Stem cell trial aims to cure blindness

Oct 11, 2015

By Fergus Walsh

Surgeons in London have carried out a pioneering human embryonic stem cell operation in an ongoing trial to find a cure for blindness for many patients.

The procedure was performed on a woman aged 60 at Moorfields Eye Hospital.

It involved “seeding” a tiny patch with specialised eye cells and implanting it at the back of the retina.

The London Project to Cure Blindness was established a decade ago to try to reverse vision loss in patients with age-related macular degeneration (AMD).

Ten patients with the wet form of AMD will undergo the procedure.


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10 comments on “Stem cell trial aims to cure blindness

  • Some BBC material is not available in some countries.

    http://www.bbc.co.uk/news/health-34384073

    Surgeons in London have carried out a pioneering human embryonic stem cell operation in an ongoing trial to find a cure for blindness for many patients.

    All will have suffered a sudden loss of vision as a result of defective blood vessels in the eye.

    They will be monitored for a year to check that the treatment is safe and whether their vision improves.

    The woman who was the patient – and does not wish to be named – had the operation last month.

    Prof Peter Coffey, of the UCL Institute of Ophthalmology, who is co-leading the London Project, said: “We won’t know until at least Christmas how good her vision is and how long that may be maintained, but we can see the cells are there under the retina where they should be and they appear to be healthy.”

    The cells being used form the retinal pigment epithelium (RPE) – the layer of cells that nourish and support the photoreceptors in the macula – the seeing part of the eye.

    In macular degeneration, the RPE cells die, and as a result the eye loses function.



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  • Thanks, Alan,

    As I’m having an intra-ocular lens placed in my left eye (“OS”) the day after tomorrow, this is very interesting to me! Cataract surgery is a piece of cake (OD was done 2 years ago) compared to the as-yet unproven treatment for AMD.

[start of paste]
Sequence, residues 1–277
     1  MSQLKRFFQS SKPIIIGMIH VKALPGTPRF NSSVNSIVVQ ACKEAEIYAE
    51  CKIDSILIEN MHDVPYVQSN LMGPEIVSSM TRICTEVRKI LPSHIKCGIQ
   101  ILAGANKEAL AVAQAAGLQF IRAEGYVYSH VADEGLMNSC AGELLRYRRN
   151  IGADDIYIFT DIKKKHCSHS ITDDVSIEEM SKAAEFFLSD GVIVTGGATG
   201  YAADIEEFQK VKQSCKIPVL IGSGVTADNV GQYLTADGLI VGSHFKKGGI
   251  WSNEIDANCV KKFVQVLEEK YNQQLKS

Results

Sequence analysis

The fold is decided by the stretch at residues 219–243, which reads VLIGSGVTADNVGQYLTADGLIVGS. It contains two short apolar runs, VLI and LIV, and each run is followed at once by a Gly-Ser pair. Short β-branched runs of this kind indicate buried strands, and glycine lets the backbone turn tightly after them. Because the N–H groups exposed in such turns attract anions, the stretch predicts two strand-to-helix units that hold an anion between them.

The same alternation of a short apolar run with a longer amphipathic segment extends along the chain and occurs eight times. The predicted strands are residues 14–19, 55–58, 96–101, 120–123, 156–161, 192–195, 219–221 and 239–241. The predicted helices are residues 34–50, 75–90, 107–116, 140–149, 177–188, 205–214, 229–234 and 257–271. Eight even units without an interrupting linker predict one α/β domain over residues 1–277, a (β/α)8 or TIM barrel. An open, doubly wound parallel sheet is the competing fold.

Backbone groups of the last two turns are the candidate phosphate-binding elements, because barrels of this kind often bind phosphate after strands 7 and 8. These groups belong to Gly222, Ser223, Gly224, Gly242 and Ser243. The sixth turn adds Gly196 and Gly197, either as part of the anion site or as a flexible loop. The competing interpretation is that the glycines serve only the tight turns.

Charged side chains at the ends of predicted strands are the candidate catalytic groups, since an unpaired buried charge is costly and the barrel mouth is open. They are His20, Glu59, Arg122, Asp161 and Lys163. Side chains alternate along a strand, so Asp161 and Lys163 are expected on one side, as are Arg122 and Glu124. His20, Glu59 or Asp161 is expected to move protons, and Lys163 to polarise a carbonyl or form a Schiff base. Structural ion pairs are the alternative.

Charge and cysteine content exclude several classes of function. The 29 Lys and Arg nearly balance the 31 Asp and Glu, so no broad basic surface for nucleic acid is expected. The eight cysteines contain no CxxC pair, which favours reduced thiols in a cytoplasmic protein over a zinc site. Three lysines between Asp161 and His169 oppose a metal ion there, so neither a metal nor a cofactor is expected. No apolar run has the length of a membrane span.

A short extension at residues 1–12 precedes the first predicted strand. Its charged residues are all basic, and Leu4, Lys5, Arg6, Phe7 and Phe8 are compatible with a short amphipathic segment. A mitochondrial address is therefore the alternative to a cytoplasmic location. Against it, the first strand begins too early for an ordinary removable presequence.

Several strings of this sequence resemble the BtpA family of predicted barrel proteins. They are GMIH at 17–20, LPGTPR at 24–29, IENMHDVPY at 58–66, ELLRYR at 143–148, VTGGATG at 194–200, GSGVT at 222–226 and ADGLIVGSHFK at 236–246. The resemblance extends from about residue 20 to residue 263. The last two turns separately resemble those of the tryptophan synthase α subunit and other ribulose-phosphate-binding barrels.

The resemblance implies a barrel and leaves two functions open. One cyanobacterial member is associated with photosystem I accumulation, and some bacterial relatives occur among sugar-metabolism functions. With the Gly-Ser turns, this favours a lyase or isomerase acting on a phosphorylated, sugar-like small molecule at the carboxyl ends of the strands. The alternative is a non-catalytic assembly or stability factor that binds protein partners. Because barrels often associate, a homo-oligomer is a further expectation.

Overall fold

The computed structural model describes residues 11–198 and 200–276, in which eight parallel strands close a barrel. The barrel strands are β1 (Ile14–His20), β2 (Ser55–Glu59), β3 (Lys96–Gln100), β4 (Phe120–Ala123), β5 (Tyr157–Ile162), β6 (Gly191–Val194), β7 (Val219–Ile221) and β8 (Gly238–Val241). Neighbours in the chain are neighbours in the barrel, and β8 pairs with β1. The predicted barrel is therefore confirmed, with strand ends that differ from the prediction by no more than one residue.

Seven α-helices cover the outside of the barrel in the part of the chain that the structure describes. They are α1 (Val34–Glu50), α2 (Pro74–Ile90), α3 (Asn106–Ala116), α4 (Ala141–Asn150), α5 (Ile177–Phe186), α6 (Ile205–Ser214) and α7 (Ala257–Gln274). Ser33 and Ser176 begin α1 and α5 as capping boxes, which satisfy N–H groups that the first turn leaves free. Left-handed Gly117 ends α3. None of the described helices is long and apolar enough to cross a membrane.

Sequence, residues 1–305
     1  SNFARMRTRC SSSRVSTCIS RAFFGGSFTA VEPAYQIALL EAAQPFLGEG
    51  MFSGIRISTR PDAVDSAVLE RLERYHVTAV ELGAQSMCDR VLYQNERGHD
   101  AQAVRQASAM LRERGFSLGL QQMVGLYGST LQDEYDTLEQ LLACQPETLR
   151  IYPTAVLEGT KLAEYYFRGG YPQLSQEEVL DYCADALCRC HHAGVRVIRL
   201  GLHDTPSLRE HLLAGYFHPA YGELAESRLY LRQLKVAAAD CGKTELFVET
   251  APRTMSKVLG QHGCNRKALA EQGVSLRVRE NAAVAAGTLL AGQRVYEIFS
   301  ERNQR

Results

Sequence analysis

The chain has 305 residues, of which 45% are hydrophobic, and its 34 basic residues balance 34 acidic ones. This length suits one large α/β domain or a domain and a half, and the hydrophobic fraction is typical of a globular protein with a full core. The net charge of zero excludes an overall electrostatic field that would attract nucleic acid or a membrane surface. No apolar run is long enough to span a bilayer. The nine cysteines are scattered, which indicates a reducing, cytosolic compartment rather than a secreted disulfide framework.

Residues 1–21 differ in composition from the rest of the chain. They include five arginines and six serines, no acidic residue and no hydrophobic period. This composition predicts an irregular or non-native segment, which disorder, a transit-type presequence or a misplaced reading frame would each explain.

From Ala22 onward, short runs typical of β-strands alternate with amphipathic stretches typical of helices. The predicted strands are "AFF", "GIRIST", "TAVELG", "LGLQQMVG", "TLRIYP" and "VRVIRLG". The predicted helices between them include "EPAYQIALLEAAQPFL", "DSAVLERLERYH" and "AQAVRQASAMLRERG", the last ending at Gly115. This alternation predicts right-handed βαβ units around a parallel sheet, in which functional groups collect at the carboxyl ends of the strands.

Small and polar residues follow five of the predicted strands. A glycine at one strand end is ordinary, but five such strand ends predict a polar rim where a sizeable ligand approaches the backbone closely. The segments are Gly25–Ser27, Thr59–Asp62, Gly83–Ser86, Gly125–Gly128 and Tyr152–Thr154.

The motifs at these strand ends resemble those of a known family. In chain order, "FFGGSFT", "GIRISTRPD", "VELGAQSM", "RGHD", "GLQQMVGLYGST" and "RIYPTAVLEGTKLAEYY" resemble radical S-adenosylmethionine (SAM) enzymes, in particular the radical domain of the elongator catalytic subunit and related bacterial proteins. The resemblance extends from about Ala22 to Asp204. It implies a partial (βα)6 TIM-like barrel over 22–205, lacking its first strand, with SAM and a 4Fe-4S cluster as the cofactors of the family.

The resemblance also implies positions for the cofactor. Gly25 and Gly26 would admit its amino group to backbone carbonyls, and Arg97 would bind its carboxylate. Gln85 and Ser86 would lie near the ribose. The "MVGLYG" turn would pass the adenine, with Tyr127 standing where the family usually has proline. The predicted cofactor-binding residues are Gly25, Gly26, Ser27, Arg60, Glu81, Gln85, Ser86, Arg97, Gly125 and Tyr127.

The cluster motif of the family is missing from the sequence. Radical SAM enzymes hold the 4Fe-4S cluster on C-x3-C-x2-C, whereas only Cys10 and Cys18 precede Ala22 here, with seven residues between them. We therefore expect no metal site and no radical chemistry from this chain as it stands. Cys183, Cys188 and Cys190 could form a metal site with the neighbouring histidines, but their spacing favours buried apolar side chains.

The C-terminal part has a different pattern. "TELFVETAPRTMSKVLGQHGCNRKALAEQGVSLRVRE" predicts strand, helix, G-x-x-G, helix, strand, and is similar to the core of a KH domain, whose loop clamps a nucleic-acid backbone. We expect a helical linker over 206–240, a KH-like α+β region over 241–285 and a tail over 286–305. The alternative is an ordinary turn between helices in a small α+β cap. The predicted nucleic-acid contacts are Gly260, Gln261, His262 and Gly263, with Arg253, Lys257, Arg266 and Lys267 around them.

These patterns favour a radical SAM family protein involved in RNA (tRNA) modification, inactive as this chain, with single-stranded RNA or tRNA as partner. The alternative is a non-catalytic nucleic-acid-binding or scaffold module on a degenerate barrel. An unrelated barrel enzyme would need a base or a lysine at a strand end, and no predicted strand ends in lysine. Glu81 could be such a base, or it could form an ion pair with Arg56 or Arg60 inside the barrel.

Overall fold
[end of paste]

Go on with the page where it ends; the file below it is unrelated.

Steve



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  • Agrajag
    Oct 11, 2015 at 6:04 pm

    As I’m having an intra-ocular lens placed in my left eye (“OS”) the day after tomorrow, this is very interesting to me!

    I am also looking closely at this, as I am having an injection in my right eye tomorrow to reduce some retinal damage from an earlier bleeding vein.
    Fortunately it is not in the centre of the eye and my other eye is good.



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  • Well, Alan, I’ll pray that the needle is guided by an omni-accurate hand. Oh, that would be the ophthalmologist!

    Too bad the eye is such a complicated structure it couldn’t have evolved. But too bad the designer didn’t plan for it to last, un-serviced, as long as we expect it to. 😉

    Seriously, I hope things go well. My procedure is a relative slam-dunk: some good drugs (maybe I’ll see god), a competent operator, a 2-mm incision in the cornea, no sutures, no eye patch… just a couple weeks of eye drops.

    Steve



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  • Agrajag
    Oct 11, 2015 at 8:47 pm

    Well, Alan, I’ll pray that the needle is guided by an omni-accurate hand. Oh, that would be the ophthalmologist!

    After a check on progress they decided I do not need another injection.

    Take care with your treatment!



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  • I want to know when would be possible to clone all the global eyed ball, i had trauma when I was younger and today I use protease in my left side eyed! Also I need recovery the optical nerve because because it died! Thank you if you could answer it!



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